This article is the first in a three-part series detailing the shared stories
By LILY TINOCO | editing assistant
The Pacific Palisades Task Force on Homelessness invited community members to hear “success stories” from clients during their most recent meeting on Monday evening, November 14.
With the aim of spreading uplifting news around the holiday season, PPTFH invited Glada Sherman, Jennifer Dukes and Jessi Cortez – members of The People Concern’s outreach team – to share some clients, their progress and their journey from “homelessness to shelter”. “ to imagine. ”
“Today’s meeting is special,” said Co-President Sharon Browning at the start of the meeting. “Tonight we will pause to understand the issues and solutions surrounding homelessness and we will focus on what I consider to be the heart and soul of our mission… We will focus on the residents who experienced homelessness but are now sheltered or on the way to shelter.”
Sherman then explained that The People Concern empowers the most vulnerable to improve their quality of life by ensuring they are “housed, healthy and safe”. She invited attendees to the gathering to take a peek into the lives of three program participants, some of whose schedules stretch back to 2016.
Specifically, Sherman said 2016 marked the launch of the outreach team, the first engagement and collaboration between The People Concern and PPTFH.
Cortez introduced the evening’s first program participant, Kenneth Sly or Kenny.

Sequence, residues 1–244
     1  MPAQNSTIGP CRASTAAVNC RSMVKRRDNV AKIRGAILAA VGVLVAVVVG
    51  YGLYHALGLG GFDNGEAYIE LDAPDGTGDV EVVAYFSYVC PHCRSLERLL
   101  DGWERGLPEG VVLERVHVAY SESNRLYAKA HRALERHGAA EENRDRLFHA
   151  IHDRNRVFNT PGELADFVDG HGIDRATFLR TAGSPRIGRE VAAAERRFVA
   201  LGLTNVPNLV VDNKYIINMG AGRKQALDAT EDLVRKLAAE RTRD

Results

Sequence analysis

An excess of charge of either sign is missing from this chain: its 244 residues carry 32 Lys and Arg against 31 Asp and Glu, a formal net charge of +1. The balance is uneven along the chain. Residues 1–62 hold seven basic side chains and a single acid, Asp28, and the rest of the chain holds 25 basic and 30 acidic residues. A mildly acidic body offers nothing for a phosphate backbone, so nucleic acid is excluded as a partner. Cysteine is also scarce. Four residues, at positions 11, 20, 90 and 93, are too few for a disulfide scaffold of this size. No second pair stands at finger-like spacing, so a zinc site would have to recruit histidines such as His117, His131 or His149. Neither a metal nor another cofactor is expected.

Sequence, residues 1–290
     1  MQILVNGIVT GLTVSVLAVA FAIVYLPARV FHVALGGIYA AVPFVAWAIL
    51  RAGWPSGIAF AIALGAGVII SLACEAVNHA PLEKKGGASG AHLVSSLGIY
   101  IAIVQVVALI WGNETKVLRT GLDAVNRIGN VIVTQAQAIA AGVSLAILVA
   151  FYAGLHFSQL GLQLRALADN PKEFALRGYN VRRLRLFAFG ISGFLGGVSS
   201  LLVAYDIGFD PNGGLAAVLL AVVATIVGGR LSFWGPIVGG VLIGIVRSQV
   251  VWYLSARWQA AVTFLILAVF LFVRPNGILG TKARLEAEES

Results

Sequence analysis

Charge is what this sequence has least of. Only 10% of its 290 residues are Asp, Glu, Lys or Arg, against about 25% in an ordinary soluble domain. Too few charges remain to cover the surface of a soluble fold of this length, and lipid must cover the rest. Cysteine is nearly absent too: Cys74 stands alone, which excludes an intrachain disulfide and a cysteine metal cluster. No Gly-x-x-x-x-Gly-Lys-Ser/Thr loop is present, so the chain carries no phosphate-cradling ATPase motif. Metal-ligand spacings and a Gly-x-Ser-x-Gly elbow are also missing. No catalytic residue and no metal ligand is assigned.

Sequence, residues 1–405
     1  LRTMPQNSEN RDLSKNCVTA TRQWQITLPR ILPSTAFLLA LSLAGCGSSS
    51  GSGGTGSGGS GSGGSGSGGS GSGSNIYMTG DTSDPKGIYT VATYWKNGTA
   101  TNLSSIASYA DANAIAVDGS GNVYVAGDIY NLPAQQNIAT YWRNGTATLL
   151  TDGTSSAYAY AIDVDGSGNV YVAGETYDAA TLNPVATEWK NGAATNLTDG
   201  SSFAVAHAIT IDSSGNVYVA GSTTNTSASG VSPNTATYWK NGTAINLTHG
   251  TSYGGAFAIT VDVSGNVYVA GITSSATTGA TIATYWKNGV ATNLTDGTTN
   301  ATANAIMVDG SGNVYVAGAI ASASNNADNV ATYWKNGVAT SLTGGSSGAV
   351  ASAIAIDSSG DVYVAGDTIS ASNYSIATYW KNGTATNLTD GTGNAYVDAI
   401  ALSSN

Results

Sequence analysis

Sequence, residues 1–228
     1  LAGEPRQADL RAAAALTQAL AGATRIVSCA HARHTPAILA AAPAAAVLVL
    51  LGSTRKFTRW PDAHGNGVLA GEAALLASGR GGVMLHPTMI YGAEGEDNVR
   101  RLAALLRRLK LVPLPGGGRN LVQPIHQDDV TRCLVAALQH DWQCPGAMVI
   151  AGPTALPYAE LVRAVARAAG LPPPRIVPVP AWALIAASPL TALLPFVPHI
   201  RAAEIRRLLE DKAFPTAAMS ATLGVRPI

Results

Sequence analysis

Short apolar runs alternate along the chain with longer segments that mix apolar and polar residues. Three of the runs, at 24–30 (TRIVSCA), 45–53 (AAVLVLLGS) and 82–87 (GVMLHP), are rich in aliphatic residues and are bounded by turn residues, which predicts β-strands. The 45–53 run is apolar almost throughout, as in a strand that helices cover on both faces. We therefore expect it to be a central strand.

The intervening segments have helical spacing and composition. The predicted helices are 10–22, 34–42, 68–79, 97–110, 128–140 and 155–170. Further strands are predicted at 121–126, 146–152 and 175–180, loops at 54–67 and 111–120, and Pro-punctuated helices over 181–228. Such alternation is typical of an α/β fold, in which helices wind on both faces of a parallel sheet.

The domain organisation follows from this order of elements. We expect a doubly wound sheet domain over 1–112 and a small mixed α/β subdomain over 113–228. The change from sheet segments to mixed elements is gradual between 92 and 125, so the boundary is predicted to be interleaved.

“Kenny, like many of our clients, went through a lot of trauma,” Cortez shared, “but that didn’t stop him from continuing.”
Born in New Orleans, Louisiana in 1960, Sly said he experienced Hurricane Betsy and suffered a series of injuries, but he remains focused on helping other people.
“To tell them… it’s about time [detox] Your system, clean your life,” he said. “You can die on the street, you can lose focus [the] streets. I’ve had places where I’ve been addicted to alcohol, drugs and things like that and you kind of end up dead… Coming back from so many problems and meeting dead people gives you the ambition to stay alive to survive. ”
With his apartment voucher, Sly looks forward to cooking and eating. Sharing that he is a chef, he addressed a time in his life when he ran various businesses. Losing those opportunities taught him to “re-fight, re-evaluate, and re-engage in his passions.”
“The best thing you can understand about homeless people is these homeless people [are] not without hope, not without prayer,” he said. “I am very thankful that God exists. That God exists and shows me the things I’ve lost [do] come back tenfold, and that it’s not just through the people [have given] I make money from it.”
Cortez said he’s made a lot of progress since Sly has been on the team and he hopes to see him housed in the near future.
“Each individual is unique in their journey,” concluded Dukes. “It’s our position as outreach to support these individuals and address some of their immediate needs… It’s about empowering people and trusting their abilities to succeed.”
Two more stories will be printed in future issues of the paper, highlighting success stories covered at the meeting.